Maximus the Confessor

Last updated

Saint Maximus
Maximus Confessor.jpg
Icon of St. Maximus
Confessor, theologian, homologetes
Bornc.580
Haspin, Golan Heights [1] or Constantinople
Died(662-08-13)13 August 662
Tsageri, present-day Georgia
Venerated in Eastern Orthodox Church
Roman Catholic Church
Anglican Communion
Lutheranism
Canonized Pre-congregation
Feast 13 August (Gregorian Calendar), 21 January or 13 August (Julian Calendar)

Maximus the Confessor (Greek : Μάξιμος ὁ Ὁμολογητής ), also known as Maximus the Theologian and Maximus of Constantinople (c.580 – 13 August 662), was a Christian monk, theologian, and scholar.

In his early life, Maximus was a civil servant, and an aide to the Byzantine Emperor Heraclius. However, he gave up this life in the political sphere to enter into the monastic life. Maximus had studied diverse schools of philosophy, and certainly what was common for his time, the Platonic dialogues, the works of Aristotle, and numerous later Platonic commentators on Aristotle and Plato, like Plotinus, Porphyry, Iamblichus, and Proclus. When one of his friends began espousing the Christological position known as Monothelitism, Maximus was drawn into the controversy, in which he supported an interpretation of the Chalcedonian formula on the basis of which it was asserted that Jesus had both a human and a divine will. Maximus is venerated in both the Eastern Orthodox and Roman Catholic churches. He was eventually persecuted for his Christological positions; following a trial, his tongue and right hand were mutilated.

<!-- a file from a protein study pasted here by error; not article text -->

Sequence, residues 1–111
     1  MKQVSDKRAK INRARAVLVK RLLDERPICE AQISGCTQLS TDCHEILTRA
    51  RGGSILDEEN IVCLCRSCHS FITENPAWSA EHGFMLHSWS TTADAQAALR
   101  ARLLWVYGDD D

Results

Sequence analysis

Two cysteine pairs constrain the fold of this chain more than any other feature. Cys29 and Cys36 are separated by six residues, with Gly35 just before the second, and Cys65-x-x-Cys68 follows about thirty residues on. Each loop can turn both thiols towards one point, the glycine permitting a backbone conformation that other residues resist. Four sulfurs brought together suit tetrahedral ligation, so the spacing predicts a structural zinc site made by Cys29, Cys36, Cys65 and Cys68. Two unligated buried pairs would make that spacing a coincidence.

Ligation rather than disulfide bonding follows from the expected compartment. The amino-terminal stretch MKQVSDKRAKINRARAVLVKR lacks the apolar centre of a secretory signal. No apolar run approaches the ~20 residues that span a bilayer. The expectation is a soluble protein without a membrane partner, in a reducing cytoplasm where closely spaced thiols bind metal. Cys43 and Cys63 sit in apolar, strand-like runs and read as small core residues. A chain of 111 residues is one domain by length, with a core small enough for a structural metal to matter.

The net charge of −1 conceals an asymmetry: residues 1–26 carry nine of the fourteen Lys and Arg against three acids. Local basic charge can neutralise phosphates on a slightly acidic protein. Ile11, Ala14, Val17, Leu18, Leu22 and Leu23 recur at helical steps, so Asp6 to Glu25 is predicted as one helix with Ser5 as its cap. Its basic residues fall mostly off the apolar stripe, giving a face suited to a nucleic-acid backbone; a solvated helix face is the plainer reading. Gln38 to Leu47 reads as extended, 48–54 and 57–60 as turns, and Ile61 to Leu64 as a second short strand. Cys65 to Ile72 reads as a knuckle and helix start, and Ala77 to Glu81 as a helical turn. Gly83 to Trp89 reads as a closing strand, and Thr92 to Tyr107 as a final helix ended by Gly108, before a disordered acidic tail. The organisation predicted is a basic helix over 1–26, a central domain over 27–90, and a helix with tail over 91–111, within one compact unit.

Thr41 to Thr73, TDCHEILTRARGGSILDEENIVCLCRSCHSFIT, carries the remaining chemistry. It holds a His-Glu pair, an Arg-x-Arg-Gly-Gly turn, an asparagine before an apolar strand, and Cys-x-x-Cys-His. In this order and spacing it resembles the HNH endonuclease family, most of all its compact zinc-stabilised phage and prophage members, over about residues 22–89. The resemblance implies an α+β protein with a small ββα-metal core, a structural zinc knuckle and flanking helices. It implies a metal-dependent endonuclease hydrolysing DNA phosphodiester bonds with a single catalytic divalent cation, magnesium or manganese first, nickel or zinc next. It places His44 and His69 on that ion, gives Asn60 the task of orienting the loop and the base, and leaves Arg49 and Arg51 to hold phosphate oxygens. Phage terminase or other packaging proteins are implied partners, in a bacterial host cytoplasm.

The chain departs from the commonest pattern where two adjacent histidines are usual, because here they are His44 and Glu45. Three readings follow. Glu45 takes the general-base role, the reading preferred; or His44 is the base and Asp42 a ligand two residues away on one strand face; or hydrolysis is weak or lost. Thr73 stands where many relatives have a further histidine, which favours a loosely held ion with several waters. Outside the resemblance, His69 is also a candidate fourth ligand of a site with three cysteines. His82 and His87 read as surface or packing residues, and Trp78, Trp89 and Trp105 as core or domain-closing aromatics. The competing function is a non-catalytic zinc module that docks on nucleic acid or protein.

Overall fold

He was then exiled and died on 13 August 662, in Tsageri in present-day Georgia. However, his theology was upheld by the Third Council of Constantinople and he was venerated as a saint soon after his death. It is highly uncommon among the saints that he has two feast days: 13 August and 21 January. His title of "Confessor" means that he suffered for the Christian faith, but was not directly martyred.